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Future doctors learn about medicine, people, policy

(Source: KAIT-TV) (Source: KAIT-TV)
(Source: KAIT-TV) (Source: KAIT-TV)

A group of students at Arkansas State University had the opportunity Wednesday to put down their books and learn from professionals.

Osteopathic Family Medicine Physician in Jonesboro and Assistant Dean for Clinical Education at NYIT College of Osteopathic Medicine, Dr. Amanda Deel, said Wednesday was D.O. Day.

“It is a day where we stop classes,” Dr. Deel said. “We let students know it’s not enough just to be a physician anymore. You have to be an advocate for your patient. You have to be an advocate for change, for policy change. And when it involves policy that affects your healthcare. . .whether access to it, who you can treat, how you can treat them. That needs to have physicians at the table making those decisions.”

Second-year medical student Landon McNeely said getting to listen to and speak with practicing medical professionals is a big deal.

“We want to talk about health policy and get people involved,” McNeely said. “How the healthcare community looks outside the clinic or the hospital. And this is a chance for us to work with local physicians and people who are in clinics. And they can come in and tell us how that works in their practice. Cause we talk about it in theory, but they’re doing it in practice. Bringing them in is a big deal.”

Osteopathic physician Dr. William Hurst with St. Bernards First Care Clinic spoke to students at D.O. Day.

Hurst said he spoke to students about patients who have no medical insurance.

“I spoke to people today,” Dr. Hurst said. “I talked about a local entity called the Church Health Center. This is a place where people who don’t have access to medical care and don’t have any form of insurance can get access into the medical system. We were glad to get to share this with the students about this local ministry and about other ministries that are overseas.”

McNeely said learning what it’s like outside their classroom is invaluable.

“We live in a bubble,” McNeely said. “We may study twelve or fourteen hours a day, which is great because there are things that we need to know and we will need to know them for patients. But the people coming in from outside is what gives us context.”

Dr. Deel said they want their students to get a true picture of what it’s like so they’re prepared.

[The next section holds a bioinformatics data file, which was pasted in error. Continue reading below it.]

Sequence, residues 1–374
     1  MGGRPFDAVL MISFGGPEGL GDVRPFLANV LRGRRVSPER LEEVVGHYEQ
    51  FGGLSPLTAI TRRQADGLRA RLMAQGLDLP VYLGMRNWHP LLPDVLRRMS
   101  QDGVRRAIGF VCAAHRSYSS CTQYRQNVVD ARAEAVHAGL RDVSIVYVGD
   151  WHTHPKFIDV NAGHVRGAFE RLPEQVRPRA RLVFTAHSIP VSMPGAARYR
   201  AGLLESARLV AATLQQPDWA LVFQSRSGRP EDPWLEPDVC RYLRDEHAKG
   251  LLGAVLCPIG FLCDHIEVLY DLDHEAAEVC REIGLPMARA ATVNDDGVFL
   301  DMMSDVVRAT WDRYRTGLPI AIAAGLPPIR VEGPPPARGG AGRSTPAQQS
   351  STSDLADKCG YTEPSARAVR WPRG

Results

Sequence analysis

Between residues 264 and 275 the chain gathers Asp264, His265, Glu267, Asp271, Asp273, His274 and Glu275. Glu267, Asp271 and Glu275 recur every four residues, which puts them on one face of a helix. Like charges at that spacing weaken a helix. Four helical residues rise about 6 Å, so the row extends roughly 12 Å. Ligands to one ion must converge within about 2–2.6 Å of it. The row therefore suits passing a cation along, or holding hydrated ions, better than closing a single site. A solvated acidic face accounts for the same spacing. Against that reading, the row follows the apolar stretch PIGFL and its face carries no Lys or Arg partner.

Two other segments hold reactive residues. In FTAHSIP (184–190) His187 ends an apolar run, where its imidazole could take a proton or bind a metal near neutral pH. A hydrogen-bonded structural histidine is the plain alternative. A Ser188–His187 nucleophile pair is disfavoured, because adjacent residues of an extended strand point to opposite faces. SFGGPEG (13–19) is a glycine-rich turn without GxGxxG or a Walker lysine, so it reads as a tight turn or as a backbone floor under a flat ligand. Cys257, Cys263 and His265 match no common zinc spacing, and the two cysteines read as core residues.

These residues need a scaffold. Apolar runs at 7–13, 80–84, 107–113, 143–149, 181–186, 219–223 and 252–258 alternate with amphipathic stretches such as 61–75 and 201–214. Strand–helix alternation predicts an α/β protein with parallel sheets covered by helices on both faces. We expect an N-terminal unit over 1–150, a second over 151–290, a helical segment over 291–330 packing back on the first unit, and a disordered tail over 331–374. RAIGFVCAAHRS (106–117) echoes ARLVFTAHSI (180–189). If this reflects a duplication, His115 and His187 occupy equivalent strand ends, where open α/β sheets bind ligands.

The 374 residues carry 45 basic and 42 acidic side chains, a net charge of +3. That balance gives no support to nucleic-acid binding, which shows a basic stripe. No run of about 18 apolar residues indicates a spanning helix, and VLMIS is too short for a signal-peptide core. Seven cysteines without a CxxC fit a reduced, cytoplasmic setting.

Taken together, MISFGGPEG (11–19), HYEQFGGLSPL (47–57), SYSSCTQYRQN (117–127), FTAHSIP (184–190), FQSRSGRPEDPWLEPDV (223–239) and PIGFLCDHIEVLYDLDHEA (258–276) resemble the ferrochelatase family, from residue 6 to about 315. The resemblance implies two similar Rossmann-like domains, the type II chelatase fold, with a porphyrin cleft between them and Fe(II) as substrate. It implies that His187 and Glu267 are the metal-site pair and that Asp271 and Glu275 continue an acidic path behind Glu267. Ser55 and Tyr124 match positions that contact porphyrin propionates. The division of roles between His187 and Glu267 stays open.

“People come into medicine to help people,” Dr. Deel said. “That is the hallmark of any physician that comes into medicine. They want to help people. And we want to let them know it’s not just the person in front of you that you are taking care of for their cold or cancer or for the surgery they’re about to do on them. It is how does that patient access care? How does that patient access insurance? How do we get their medications? What facility can they go to? What is around them? Not only that, but what affects them?”

Dr. Deel said they want these future doctors to know the change they can evoke for the better.

“We tell the students as they see patients,” Dr. Deel said. “When they see a need their patients have. . .then they can affect a change in how that patient is able to access care. Or how that patient can have their lives made better. We want to empower our students to know that they can affect change.”

Dr. Hurst said he was pleased with what he saw happening in the program with the medical students.

“I think most medical students know more than I do,” Dr. Hurst said. “They fill their heads with all kinds of statistics and facts. I think they’re clearly getting more exposure. And I think teaching just gets better and better. This is where Dr. Speights and Dr. Deel do an excellent job.”

Dr. Deel said they also had several local nonprofit organizations send a representative to explain to students the charitable work they could get involved in.

“We also had organizations come and be represented,” Dr. Deel said. “Organizations our students can be involved in while they’re in medical school. So, we had the local Food Bank, the NEA Charitable Foundation, and CASA was here. We had local entities here that our students can go and be a part of right now and make a difference in their community. We want our students to strive to be a part of their community and be servant leaders within their medical education and practice.”

All the medical students participated in D.O. Day.

They were either learning from medical professionals at ASU or in Little Rock, hearing from local legislatures and policy influencing individuals.

For more information about NYIT College of Osteopathic Medicine at ASU, click here.

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